I was finishing my last two years of high school, cramming as many academic courses into my workload as I could, not to mention multiple extracurricular activities and working at a local pizza shop. I was the perfect example of the shiny student off to bigger and better things than the small country town where I grew up. That is, until I started having problems with my vision. The schools nurse thought I was making it up to get out of classes, and my optometrist at the time thought I was just overworking my eyes.
Boy were they wrong, on both counts. One year after I graduated high school I had just finished up my first year of college. Choosing to spend the summer at home on my families dairy farm I found most of my days spent outside in the blisteringly humid Pennsylvania weather helping with hay and other daily chores.
One particularly hot day I had spent hoping my family ready a field for hay raking, when I noticed tingling in my right arm. Not thinking anything of it, I went on with the daily chores and as the midday sun was shining overhead I decided to take a break and have a cool drink. I didn’t feel right, and at first thought I figured I was merely dehydrated. As I sat there on an old log, it suddenly hit me. I could no longer feel my arm. It went from being tingly all over to being numb and weak. I wasn’t sure what was going on. All I knew was that it wasn’t right.
Yelling for my parents, I was terrified. What was wrong with me? In the short amount of time it took my parents to get to me, load me in the car, I had lost sensation from my right shoulder down to my toes on my right side. I couldn’t feel them, I couldn’t move them. I was terrified.
In what seemed like mere minutes, we were at the hospital and I was being transferred into a hospital bed, my clothes being cut from my body. I had nurses and doctors on both sides of me, and all I can remember asking is, “am I dying?” I remember a very kind nurse taking my left hand and squeezing it, telling me they were doing everything they could. Within moments I was hooked up to monitors telling the doctors about my heart and was being wheeled away for an emergency cat scan. I remember hearing some scary words, heart attack, stroke, paralysis. I didn’t know what was going on with my own body, I had been fine just hours before.
Test results came back, and it wasn’t my heart and it wasn’t a stroke, but we still had no idea what was going on. That is when they began piecing things together and paged a neurologist I had seen for my eyes, which they diagnosed later as being optic neuritis episodes. The neurologist ordered a brain and orbit MRI and IV steroids to be given Immediately. That is when I developed my love/hate relationship with steroids. I am allergic to them, and never knew it. Luckily I was just plagued by horrible boil like hives instead of throat constriction.
We got three days of steroids via the IV before I was able to get in for an MRI. By that time, we did not see any brain lesions,and assumed that the quick action and treatment had stopped the progression. However, I still couldn’t feel or use my arm or leg on the right side of my body. Doctors were puzzled. No stroke and no obvious Multiple sclerosis Flare. They admitted me into the hospital and started intravenous Solu-Medrol treatments which lasted roughly 21 days at one gram each. I saw many doctors, including one that is now my PCP. They were puzzled. My neurologist at the time ordered a slew of tests from lab work to MRIs of the brain. Everything came back clear, and my condition remained stable. Each day I had a team of Doctor and stud not nurses round on my room. They took turn checking me over, trying to piece together the puzzle. It was like ai was their on personal mystery.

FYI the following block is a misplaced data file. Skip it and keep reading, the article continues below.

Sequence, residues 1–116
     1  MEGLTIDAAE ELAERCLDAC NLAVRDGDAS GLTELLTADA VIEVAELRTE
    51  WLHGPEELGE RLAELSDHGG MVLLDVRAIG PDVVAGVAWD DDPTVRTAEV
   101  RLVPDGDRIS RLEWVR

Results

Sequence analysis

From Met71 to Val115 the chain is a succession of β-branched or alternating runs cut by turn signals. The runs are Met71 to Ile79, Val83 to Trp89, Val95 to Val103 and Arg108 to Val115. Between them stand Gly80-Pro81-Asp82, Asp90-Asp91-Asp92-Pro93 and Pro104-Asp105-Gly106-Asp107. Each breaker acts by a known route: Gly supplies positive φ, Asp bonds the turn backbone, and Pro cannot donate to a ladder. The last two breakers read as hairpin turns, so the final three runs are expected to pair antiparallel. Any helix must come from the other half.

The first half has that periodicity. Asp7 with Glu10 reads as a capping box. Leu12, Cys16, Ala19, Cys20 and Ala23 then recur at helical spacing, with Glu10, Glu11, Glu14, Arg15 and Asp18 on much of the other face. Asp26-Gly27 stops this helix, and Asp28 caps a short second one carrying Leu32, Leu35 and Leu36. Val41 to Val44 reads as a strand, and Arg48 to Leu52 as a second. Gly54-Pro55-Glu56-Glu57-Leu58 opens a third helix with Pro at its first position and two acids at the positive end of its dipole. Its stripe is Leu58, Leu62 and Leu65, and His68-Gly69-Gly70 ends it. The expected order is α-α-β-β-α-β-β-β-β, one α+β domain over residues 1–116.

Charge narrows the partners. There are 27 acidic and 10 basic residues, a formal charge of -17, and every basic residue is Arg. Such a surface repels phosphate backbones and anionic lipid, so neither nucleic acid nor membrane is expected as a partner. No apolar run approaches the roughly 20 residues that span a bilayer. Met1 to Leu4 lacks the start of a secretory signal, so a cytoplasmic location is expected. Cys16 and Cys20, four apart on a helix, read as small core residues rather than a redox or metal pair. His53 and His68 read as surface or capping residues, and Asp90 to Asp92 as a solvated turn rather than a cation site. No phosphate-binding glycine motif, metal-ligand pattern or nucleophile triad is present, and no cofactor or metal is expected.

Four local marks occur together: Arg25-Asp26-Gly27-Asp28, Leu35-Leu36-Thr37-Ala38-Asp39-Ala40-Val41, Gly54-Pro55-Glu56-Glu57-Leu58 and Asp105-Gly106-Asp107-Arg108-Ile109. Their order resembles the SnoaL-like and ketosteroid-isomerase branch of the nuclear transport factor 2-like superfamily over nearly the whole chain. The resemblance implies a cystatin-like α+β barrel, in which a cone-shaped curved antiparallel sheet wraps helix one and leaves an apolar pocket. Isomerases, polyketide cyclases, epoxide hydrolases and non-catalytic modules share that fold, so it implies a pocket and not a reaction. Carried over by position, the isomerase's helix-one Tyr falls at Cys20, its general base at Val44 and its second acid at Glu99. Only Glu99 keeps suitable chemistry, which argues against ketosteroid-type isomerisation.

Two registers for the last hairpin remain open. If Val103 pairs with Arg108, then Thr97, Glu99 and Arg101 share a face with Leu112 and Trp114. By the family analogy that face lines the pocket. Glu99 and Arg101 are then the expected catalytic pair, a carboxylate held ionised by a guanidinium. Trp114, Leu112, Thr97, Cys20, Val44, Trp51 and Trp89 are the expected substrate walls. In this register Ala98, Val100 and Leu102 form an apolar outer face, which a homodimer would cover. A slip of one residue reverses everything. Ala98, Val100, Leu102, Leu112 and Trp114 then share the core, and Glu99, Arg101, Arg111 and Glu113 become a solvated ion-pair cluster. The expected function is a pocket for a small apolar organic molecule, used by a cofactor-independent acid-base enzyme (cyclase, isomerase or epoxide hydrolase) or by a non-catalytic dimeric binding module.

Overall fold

One day in particular, about ten days into my hospital stay, Dr. D (my pcp now) decided that he and the students were going to try something new. They got a dark eye mask and covered my eyes so I couldn’t see. They removed the hospital gown and blankets and each student took up a spot. Each time, it’s fresh needles, they would sink a large gauge needle into my arms, wrist,hands,shoulder, hip, thigh, knee, calf, and feet. They then asked if I felt anything. My response? No, should I have? What did you do? I remember hearing collective murmuring between the students and I was worried. I asked again, “What is going on? What did you do?” And again, nobody answered me. At that,point,mim started to panic. I felt my heart rate speeding up and it was getting harder to breathe. What weren’t they telling me? I reached up with my left hand and ripped the eye mask from my face. When I stared down at myself ai panicked. No wonder the students weren’t saying anything. I had needles, large needles, sticking out of my skin. There were more than thirty locations, including coming out from the tip of my toe, where needles were sticking out. And, where there are needles, there was blood.m
I remember Dr.D looking at me, usually he wore a smile, today he didn’t. I remember him asking me, “Heather, do you not feel that? You didn’t flinch a muscle, not even when we put them in deep sensitive spots.” I remember that. I remember them removing the needles from my body, fourth eight individual needles were removed. The sites were again cleaned with an alcohol prep, and then covered with a bandage.
Dr. D came back a few hours later and said that he spoke with my neurologist at the time and he had an answer for hat was wrong with me. I had MS. I remember sitting there crying. On on side I didn’t want ME, but I was glad it wasn’t cancer or worse. They decided that ai had relapsing-remitting MS and that I would need to start medication, of which we decided to go with Avonex..
After being in the hospital, for over thirty days and receiving high doses of steroids, I was starting to get some feeling back on my right side. It was tingly, and painful if you were to touch it. It literally felt like my right side had fallen asleep.
On June 29, 2006 I was admitted to the hospital for the reason above. It was the day before my my 19th birthday (yes, I will NEVER forget the first and only TM attack I suffered thus far). I was discharged from the hospital on August 3rd, 2006. I was hospitalized for 34 days, went through what seemed a million tests, had walls full of artwork and balloons from my little cousins, and still could not walk on my own.